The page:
“I didn’t live in Paris for very long.” She cleared her throat. “Food was hard to come by and there were plenty of poor mouths competing for the scraps the shop owners would throw to us orphan children. The first chance I had to get out, I took. I was no more than ten or eleven when a few of us illegally snuck onto the train going south. When it stopped, we didn’t know where we were. We walked through the lavish countryside until we reached a town. Some stayed while others, like me, continued on, and by the time I arrived in Nice, I was on my own. But I had wanted to see the ocean, and so I did.
“Those were hard times for me. I ate clams when I could find them. Sometimes I might catch a crab or two missed in one of the fisherman’s nets. Other times, if I was lucky, some rich man would drop a few coins into my hands for a hot meal. At first, Nice felt like a great escape from the hunger of Paris, but as I learned the streets, I found a different set of poor faces, with the same dirt stained clothes, holey shoes, and smell of horses and hay.
“I was known back then as la me sœur, because I was the runt of the group. Sometimes they would dress me up like a baby and peddle me around in the rich neighborhoods begging for money. I’d cry and whine, and suck my thumb. Sometimes it worked well and we’d all get a meal. Other times the police were called and detained anyone they could catch. Looking back, I don’t know how I survived. Always hungry. Always a grumble and an ache in my stomach. Even if someone had given me a whole loaf of bread and a pot of soup, it wouldn’t have satiated my hunger.
Grand-mère motioned for her coffee, and I quickly took the warm cup into my hands and offered her the straw.
“One day, Daniel, everything changed.” She spread her hand out over the quilted blanket. “First, it was the sky, lavender from one side of the horizon to the other. The sun, too, had changed. It went from orange to a pinkish blue. I recall a man of science sitting at the Café de Rose, puffing his pipe, mystified by the sight of it. The third anomaly showed itself in the form of a falling star. It was so close I thought I could run and touch it. Young and old, rich and poor gathered in doorways and street corners to watch the heavens. For an entire day it felt neither night or day, but a rare paradis sur terre.”
Grand-mère reached over to the table and took the red, square box in her hands and rested it on her lap. “As the sky darkened to a purple haze, beautiful music could be heard from the boulevard, not too far from the abandoned building where I slept. Along with two boys and another young girl, we ran as fast as we could, to see who was playing. Crowds of people gathered. Being the runt, I couldn’t see a thing. I could only hear the oohs and the aahs of the spectators, and the marvelous music. Soon the gang left me on the fringe of the circle, as they squeezed in the crevices of intertwined bodies. I tried to follow, but was pushed back. I was nearly trampled. Finally, I spotted a low brick wall to stand on, giving me a better vantage point, but still I couldn’t fully see.”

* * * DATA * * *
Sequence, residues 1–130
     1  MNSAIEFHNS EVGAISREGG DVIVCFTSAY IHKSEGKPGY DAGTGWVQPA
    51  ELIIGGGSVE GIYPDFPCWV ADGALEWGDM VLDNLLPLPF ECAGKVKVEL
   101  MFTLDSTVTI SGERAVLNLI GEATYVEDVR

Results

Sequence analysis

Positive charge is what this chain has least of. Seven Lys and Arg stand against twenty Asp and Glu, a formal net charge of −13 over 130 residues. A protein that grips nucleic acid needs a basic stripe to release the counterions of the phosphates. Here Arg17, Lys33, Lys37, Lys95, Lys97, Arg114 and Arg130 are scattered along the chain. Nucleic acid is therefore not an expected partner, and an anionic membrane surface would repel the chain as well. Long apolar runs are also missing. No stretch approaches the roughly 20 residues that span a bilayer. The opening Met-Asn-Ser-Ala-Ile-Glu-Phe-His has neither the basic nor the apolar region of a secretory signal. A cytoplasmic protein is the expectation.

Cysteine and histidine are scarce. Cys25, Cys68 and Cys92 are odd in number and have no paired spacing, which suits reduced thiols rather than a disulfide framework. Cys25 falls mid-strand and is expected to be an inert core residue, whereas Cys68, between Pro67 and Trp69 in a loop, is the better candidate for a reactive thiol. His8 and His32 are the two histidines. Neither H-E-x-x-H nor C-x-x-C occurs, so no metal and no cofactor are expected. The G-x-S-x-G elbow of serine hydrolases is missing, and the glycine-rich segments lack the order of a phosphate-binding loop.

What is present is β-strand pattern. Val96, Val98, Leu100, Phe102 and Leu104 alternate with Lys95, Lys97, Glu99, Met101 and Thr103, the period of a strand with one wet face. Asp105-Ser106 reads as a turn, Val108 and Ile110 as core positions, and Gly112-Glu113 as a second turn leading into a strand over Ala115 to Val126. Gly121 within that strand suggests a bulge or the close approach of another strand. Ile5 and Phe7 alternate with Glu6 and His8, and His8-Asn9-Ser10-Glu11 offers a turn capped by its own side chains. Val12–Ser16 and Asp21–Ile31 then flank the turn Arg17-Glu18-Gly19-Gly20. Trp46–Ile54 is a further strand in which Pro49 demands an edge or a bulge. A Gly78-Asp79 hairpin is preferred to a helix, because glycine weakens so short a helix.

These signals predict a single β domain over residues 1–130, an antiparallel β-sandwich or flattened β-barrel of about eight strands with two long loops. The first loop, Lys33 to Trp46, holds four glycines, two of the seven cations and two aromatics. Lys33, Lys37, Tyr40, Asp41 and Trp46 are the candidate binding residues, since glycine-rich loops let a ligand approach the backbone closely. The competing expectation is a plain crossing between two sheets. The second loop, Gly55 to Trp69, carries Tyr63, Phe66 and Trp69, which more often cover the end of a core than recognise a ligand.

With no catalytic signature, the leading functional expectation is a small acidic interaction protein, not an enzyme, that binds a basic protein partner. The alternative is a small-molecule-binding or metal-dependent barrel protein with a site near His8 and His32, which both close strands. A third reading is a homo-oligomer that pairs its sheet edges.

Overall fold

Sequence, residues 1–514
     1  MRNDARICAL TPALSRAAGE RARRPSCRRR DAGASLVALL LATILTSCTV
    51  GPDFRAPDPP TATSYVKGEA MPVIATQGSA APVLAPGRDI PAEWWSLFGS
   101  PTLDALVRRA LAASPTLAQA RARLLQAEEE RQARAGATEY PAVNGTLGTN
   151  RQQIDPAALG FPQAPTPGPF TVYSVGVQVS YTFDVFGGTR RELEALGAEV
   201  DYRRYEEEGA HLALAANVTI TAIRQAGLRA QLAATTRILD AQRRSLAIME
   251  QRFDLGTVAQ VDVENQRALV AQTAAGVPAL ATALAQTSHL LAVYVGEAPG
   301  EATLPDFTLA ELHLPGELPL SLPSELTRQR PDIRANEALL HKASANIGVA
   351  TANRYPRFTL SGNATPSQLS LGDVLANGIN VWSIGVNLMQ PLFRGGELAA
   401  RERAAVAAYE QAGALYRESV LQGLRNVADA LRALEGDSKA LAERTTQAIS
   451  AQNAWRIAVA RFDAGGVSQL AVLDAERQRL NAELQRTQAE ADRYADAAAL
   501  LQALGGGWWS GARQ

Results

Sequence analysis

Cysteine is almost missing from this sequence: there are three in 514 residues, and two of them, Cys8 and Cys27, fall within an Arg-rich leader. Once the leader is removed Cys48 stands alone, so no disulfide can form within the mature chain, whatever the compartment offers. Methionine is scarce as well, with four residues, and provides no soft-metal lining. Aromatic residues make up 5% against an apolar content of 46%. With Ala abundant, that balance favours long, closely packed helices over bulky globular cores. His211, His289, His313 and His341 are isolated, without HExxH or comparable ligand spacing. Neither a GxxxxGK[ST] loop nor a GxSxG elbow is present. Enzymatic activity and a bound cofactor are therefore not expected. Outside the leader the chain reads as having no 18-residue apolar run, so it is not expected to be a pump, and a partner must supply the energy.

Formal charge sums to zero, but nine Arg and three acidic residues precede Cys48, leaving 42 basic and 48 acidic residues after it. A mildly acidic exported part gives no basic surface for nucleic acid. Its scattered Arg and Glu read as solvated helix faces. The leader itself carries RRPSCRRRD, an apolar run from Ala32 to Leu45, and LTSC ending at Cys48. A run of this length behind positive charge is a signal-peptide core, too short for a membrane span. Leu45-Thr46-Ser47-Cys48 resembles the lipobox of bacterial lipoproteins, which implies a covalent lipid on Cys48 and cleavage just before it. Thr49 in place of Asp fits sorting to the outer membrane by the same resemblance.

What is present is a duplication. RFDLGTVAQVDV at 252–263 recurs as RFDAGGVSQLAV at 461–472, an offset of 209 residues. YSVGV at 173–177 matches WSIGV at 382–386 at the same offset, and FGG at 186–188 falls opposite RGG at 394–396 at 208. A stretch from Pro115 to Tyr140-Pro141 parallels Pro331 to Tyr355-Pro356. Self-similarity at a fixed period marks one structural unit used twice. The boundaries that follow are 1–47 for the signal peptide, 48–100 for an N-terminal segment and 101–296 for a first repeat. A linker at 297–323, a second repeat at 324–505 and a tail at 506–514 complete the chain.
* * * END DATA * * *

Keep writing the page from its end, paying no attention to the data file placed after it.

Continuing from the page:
“What was it, grand-mère?” I asked, interested.
“All I could see was a pointed, purple hat with ancient symbols etched in gold. Then I heard a voice, a wise, old voice. Sometimes when the crowd shifted and swayed, I would get a better glimpse of his long white beard, which went up and down like an accordion when he laughed, or his deep purple robes, also spun with gold symbols.” Grand-mère smiled recalling the details. “He called himself the Wizard of Peillon. Back then Peillon seemed like a continent away, even though it was only twenty kilometers north of Nice. If you remember your studies, you’ll know the village is steeped in medieval lore. As the Wizard strummed a lyre, he told the story of how Peillon was built. High into the rocky crags, the infamous grey, stone houses, each stacked together like blocks of wood, were erected on the back of a great and noble dragon, slain by an evil knight.” Grand-mère’s eyes widened. “Bright green and white light filled the boulevard as a baby dragon, no bigger than a large dog appeared, and flapped its wings. Next, a dark knight with a black sword appeared, and his counterpart a white knight with a white sword started to duel. And just like in the story, the white knight was easily defeated, leaving the baby dragon defenseless.